"One of my earliest experiences of success was when I was in high school. I was a swimmer and water polo player at school and then I got my first job at Blizzberry on Florence Avenue. They noticed my commitment to the job and so they promoted me to assistant manager while I was still just 16 years old. This early success affected my later decisions. One example is during the summer of my senior year I was working long hours. There were nights I wouldn't come home until 11:00. I thought, 'I'm a teenager, I shouldn't be working these long hours.' I thought about that and how I needed to remember I'm still a kid, I don't need to work this much. I need to have some fun in my life also. So that early success taught me to have balance in my life.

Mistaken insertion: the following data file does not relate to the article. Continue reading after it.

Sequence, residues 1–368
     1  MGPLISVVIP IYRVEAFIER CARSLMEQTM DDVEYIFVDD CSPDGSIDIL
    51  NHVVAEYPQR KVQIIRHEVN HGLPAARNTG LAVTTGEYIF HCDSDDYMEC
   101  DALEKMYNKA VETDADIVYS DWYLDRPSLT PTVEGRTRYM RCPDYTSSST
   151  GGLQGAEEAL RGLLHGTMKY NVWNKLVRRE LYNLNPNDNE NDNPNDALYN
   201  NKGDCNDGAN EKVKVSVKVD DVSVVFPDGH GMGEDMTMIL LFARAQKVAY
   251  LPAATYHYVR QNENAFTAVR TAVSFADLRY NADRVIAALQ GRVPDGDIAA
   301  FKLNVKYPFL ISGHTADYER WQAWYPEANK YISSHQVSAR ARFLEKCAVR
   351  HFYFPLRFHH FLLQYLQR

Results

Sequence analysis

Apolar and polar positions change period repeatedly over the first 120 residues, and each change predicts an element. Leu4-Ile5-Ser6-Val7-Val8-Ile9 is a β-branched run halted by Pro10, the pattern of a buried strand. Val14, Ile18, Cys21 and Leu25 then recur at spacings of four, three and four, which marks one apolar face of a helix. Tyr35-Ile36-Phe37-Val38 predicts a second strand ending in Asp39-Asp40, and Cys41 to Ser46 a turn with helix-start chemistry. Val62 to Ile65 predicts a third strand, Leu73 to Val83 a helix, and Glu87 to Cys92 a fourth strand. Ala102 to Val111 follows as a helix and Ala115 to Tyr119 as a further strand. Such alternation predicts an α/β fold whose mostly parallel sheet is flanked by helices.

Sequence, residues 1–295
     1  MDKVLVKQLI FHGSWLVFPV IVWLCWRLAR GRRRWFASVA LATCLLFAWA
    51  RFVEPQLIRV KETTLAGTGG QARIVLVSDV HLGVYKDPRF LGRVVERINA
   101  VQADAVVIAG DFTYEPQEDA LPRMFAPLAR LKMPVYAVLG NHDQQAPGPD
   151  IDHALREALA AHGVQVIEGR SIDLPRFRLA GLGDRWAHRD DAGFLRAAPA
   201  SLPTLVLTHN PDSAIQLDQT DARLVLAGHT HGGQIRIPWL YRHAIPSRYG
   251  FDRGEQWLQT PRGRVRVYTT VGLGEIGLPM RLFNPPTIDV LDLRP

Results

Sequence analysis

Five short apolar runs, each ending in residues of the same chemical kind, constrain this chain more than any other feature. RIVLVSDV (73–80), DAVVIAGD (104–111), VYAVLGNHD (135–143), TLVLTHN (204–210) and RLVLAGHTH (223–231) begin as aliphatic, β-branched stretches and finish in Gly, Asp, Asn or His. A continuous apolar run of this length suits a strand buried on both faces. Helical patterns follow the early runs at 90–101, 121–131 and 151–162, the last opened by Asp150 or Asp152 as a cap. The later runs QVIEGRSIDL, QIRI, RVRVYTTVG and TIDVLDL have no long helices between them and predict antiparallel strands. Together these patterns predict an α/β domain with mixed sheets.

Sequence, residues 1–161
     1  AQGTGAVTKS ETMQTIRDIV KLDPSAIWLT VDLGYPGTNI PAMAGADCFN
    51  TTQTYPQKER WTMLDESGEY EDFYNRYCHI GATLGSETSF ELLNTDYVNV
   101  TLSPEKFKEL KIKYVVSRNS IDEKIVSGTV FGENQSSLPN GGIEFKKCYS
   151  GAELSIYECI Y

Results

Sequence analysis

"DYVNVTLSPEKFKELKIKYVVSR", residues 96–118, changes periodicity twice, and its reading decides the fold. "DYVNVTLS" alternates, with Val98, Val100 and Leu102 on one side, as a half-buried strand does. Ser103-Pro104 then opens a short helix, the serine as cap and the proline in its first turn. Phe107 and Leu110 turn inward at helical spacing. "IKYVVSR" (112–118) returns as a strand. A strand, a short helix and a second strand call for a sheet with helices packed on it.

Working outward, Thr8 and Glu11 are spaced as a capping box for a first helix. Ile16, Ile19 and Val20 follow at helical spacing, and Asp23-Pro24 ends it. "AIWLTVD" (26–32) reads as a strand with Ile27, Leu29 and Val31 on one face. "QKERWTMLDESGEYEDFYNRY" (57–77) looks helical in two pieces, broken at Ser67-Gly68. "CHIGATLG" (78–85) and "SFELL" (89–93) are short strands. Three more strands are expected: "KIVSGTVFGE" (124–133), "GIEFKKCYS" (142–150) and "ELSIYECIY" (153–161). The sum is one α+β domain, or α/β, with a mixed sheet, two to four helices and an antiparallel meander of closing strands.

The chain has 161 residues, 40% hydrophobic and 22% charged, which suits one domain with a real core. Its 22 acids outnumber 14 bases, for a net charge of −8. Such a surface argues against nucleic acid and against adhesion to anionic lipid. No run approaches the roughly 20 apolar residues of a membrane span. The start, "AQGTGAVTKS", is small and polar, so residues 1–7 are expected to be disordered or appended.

"When the manager asked me to work more hours, I felt obligated to work as much as they needed me to but at the same time, there was a struggle involved. It taught me to focus on my own self while reaching for higher goals. It's hard to say 'no' when you're asked to take on a challenge. You think, 'Well, I've done a good job before and now they want me to do more,' and you want to prove to them you can do it or you feel an obligation to continue to work hard for them. So, yes, it's hard to say 'no.'
"Sometimes, especially because now I work for my dad, you bring work home with you, and I work in the political world also so your job never ends. So, there are times you try to find the right amount, you try to find your own time away. But as a young person, the expectations are very high, especially in the political world, that you should be working 24/7. So, I don't think I have the ability to say 'no' yet because I'm still a young person and there are very high expectations. I just don't think I've reached the highest success yet that I can say 'no.'"